The obsession, well I can’t find a better word, with capacity building as a way to fix social problems has become a political dogma. We fear any attempt to innovate our approaches so much that it could almost be career suicide to attempt to explore, let alone argue for, an alternative.
Capacity building is expensive. It’s almost welfare. One problem with capacity building is that it has populist appeal which has been pretty much grounded by the mythology that ‘you give a person a fish and you feed them for a day; you teach them to fish and they are fed for life‘.
Nothing wrong with that wisdom. In fact it is really as relevant today as ever before. The major issue though, is that measures we use to build capacity are heavily slanted in favour of the classic human problem; we judge results based on our effort and the way we feel about our work. Perhaps more problematic is the way programs are endorsed based on their popularity, despite often questionable evidence which is used to justify investment.
One of the examples that illustrate the point, at least in my mind, is the famous DARE program (Drug Abuse Resistance Education), which was popular, well-funded and held in high esteem but not really effective in delivering what it promised. Despite the disparity between the program’s claims and its actual results (which were investigated independently numerous times), its popularity never waned among government authorities. As a side note, I was always puzzled by the idea that many generations of university students who were given this information could have easily been agents of change and advocate for better solutions, and yet mostly chose to comply with their employers who were taken by the popularity of the program.
In a similar vein, because of the popularity of the ‘capacity building’ narrative, we have had a rush of social entrepreneurs who are well-meaning, too marketing savvy for their own good and a bit lacking in deep thought; precisely because they are privy to a ‘ready-made’, socially and politically correct (SAPC) narrative that everyone understands, likes and believes in.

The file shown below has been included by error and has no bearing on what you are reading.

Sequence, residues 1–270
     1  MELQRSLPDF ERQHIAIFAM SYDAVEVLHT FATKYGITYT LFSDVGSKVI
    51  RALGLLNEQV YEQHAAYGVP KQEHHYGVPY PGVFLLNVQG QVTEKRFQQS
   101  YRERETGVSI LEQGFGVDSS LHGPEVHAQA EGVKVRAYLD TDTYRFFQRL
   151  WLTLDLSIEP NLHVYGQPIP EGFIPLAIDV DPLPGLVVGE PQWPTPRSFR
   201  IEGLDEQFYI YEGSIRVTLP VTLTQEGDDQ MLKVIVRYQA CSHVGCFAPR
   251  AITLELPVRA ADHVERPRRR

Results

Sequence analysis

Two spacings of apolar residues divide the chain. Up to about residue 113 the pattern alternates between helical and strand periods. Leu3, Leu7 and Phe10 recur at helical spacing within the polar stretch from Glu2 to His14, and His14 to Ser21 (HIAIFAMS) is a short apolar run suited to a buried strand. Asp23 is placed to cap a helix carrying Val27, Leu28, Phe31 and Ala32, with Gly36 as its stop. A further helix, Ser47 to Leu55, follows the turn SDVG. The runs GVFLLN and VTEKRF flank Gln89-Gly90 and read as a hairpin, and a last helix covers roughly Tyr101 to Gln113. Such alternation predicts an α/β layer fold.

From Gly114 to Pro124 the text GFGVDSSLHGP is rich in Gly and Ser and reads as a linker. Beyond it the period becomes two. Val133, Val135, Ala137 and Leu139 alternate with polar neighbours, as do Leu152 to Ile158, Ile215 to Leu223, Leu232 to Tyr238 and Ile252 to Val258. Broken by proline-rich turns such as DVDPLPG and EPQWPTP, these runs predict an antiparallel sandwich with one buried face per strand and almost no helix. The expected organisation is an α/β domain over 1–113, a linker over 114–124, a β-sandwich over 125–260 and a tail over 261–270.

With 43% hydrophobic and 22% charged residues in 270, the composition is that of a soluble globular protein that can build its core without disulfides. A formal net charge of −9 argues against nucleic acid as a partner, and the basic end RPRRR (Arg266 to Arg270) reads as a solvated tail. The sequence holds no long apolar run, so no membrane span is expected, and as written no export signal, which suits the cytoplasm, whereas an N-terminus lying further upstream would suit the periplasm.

Are we not supposed to be evolving? Are we not supposed to learn faster today because we have better means of obtaining data and processing it faster? Are we not supposed to be better in responding to things that do not work as planned? Whilst I don’t have the answers, I hope the questions are not absurd.
I think that it has become very easy for governments to be good governments by allocating a lot of our wealth to capacity building, even when it is such an entrenched narrative. Who could question a government that allocates millions to the NFP sector to teach people in need how to fish? Who could look at corporate Australia in an unfavourable way for spending millions in the name of CSR when it makes perfect sense to respond to the NFP sector which seems almost religiously dedicated to capacity building that it has stopped innovating and is losing its imagination at a rapid rate.
I have no doubt that capacity building will continue to feature as a strategy for development for some time yet. I am not opposed to it as I believe it offers value, and in many situations, particularly in respect to international development, may in fact be the most feasible option. The difference though is how the game evolves given the innovation (both technical and non-technical) and its impact on capacity building. I am particularly interested in the way collaboration practice offers not just different perspectives but also new possibilities. Collaboration, as I often say, is as disruptive as entrepreneurial practice. It is with that in mind that I see the value of re-imagining capacity building as more of a contested space full of potential for innovation.
Another area that cuts across capacity building and collaboration almost intuitively is the concept of ‘inclusive business’; the idea being that enterprises can be conceived as places where social impact, economic growth and financial dividends coexist. Capacity building then may be a mediating process that is less prescriptive in respect to outcomes but more devoted to impacts resulting from a broader range of emergent practices. These ideas should be tested further now that we are confronted with accumulated challenges which offer opportunities for collaboration on a whole new level.
Stay up to date with Roadmender by clicking on the ‘Follow’ button, below right